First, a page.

Also, I will tell you: Sometimes going to that person and congratulating them and really meaning it, feeling their happiness, feeling good for them, will make the envy lose some of its power—you face the demon of your own lacking, your own wanting and can’t (or not yet) having.
What lies do you tell yourself and do you or will you recognize the reality?
(*and folks – The Lightning Charmer is now on sale at Amazon and at Bell Bridge Books site. The “official release date” is November 1, so it should be going up for sale at other places, like Nook and bookstores and wherever else books go to find their ways to wonderful readers’ hands. I thank you all for your support. I *heart* you dearly*)
I am at Writer Unboxed today. If you are not a member, then get ye over there and check it out. Not just for my ramblings today, but for all the kickass offerings there. A wonderful group! They’re on twitter and Facebook, as well.
I was on a panel yesterday in the beautiful city of Hayesville, NC, and was reminded of how much fun blogging and blogs and bloggers can be – I promise to do better here. I do! I do! I do! *grins at you every so sincerely*
At Writer Unboxed today:
Today’s guest is Kathryn Magendie, the author of five novels and a novella published through Bell Bridge Books—most recently The Lightning Charmer coming out this month. She’s also the Publishing Editor of The Rose & Thorn (which just recently closed its doors after fifteen years), and former Personal Trainer. She lives in a little log house tucked within a cove in Maggie Valley, Western North Carolina—where all the wild things are.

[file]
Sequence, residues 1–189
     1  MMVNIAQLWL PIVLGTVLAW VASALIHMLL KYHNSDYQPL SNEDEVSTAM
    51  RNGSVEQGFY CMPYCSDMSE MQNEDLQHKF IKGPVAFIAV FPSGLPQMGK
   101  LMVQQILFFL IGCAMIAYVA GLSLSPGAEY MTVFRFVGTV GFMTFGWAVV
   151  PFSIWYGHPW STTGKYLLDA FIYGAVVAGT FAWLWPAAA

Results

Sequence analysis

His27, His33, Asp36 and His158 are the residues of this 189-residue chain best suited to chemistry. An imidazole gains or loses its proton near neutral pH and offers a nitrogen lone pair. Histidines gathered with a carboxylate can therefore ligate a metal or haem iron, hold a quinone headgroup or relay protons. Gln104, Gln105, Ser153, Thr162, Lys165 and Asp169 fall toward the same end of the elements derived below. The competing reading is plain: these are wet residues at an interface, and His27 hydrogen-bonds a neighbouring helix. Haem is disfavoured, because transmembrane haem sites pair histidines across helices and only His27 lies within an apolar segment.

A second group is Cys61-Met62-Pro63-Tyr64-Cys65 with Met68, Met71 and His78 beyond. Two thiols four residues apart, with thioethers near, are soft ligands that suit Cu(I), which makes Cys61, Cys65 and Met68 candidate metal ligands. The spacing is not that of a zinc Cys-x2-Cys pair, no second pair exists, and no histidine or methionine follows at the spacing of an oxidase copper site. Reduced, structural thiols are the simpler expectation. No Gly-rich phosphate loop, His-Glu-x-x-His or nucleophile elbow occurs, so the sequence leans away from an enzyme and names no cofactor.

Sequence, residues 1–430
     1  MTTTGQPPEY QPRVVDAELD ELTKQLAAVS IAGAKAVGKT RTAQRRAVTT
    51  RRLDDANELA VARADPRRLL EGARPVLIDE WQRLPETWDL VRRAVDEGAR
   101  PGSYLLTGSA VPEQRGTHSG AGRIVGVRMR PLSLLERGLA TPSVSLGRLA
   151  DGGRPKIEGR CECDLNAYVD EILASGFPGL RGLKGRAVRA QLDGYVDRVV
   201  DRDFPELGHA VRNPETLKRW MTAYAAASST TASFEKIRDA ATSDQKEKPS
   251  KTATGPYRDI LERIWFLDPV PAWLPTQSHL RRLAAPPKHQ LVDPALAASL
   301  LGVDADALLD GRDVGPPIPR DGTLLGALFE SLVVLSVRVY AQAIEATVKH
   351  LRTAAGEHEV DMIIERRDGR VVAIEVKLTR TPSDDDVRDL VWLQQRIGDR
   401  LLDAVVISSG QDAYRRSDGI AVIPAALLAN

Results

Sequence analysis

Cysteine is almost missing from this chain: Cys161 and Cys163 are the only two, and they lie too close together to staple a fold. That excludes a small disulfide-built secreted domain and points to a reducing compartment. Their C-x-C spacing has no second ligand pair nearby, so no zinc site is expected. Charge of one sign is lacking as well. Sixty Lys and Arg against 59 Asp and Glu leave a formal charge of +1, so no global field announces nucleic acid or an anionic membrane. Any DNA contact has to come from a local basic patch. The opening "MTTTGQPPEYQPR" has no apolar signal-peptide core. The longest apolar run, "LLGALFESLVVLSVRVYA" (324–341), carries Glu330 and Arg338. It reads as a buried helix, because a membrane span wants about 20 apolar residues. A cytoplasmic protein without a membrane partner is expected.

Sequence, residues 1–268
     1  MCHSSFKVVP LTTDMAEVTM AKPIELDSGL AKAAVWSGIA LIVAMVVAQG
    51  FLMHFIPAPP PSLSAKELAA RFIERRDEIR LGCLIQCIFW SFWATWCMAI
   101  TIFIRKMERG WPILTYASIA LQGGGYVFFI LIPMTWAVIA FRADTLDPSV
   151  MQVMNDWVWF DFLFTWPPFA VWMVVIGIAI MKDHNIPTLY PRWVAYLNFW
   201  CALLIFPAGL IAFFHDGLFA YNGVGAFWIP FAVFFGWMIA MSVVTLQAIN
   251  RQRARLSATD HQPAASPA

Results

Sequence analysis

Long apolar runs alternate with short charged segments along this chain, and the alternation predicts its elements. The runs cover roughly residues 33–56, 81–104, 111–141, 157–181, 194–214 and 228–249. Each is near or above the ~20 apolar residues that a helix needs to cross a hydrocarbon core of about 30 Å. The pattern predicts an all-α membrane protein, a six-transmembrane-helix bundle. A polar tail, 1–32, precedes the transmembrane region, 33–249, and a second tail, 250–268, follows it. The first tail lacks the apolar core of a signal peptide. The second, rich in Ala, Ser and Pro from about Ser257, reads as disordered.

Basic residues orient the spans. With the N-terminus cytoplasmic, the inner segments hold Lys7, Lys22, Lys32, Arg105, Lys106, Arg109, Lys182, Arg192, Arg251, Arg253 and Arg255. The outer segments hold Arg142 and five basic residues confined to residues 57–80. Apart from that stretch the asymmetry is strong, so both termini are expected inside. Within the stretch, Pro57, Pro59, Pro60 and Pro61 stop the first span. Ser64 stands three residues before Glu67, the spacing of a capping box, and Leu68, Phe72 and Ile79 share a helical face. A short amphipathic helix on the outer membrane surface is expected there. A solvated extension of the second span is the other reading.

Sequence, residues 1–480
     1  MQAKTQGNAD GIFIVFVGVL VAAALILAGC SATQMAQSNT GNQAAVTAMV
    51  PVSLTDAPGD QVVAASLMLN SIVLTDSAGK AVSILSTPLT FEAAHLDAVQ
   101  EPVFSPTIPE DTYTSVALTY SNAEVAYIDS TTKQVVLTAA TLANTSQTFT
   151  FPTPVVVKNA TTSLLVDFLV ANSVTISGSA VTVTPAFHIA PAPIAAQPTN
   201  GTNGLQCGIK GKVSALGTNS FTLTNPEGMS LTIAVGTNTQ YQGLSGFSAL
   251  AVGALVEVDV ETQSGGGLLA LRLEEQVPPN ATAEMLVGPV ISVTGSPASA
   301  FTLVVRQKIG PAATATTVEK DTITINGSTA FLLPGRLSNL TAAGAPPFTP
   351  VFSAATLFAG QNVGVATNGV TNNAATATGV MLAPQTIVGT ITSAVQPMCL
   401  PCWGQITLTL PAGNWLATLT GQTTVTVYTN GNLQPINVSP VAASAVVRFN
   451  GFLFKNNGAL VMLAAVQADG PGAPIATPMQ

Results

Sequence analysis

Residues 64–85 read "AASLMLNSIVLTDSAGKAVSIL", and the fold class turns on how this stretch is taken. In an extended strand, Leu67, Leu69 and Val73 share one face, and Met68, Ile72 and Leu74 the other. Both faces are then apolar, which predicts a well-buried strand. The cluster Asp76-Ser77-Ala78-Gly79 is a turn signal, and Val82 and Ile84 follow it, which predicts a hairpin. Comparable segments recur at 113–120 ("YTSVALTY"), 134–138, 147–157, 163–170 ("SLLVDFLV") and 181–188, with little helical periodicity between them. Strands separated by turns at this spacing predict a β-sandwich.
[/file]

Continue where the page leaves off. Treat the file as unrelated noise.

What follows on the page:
Of her post today, Kathryn says…
Thoughts of the “isolation” of this job came to me when I realized most every character I write is lonely. Then I recognized that I, me, myself, lil ole Kat Magendie, was deeply, incredibly, sadly, lonely. Well, danged if I didn’t feel right pitiful. I then read other WU posts, other author’s FB updates and Twitter feeds, and realized that feeling of isolation is shared—we’re all at one big banquet table, but the banquet table has partitions so that even though we’re surrounded by people, we’re still eating alone. I allowed myself to feel pitiful for about a week, and then I decided it was time to do something about the isolation. We’re much more than we appear to be, we band of writers, we.
The “Isolated Author”
We can see the clichéd “isolated author,” one who writes in her fuzzy socks, a bottle of vodka—make that a healthy smoothie, yeah—by her side, creating micro-worlds where tiny-in-our-peahead-but-oh-so-much-bigger-than-life characters frolic and play and bring joy and epiphanies to all the land of readers. Farther pan out and see the writer hunched over her keyboard, ever more pan out and see the study she sits in with books and pens and pencils and chapstick and good luck charms and crumbs littering her keyboard and lap, and farther still to see her little log house, and outward we go ever outward to the Moon. And there we’ll stop a moment and consider just how tiny this author is. Just how inconsequential, miniscule. All the scurrying and living and loving and being around her is muffled and dark because all she experiences is: “tippity tappity tippity tappity tippity tappity *slurp munch* tippity tappity.”
The truth is, the more an author puts herself out there (But of course I mean you guys, too—we’re genderless in the World of Writing), the more isolated she becomes. The more public her life, the more private she must be. It’s an insidious endeavor, one she doesn’t recognize until it is almost too late—when the crazies visit upon her *picture here the Harpies from Jason and the Argonauts, feasting upon the sanity laid out in bounty upon the table until there’s nothing left but scraps of rational thought.*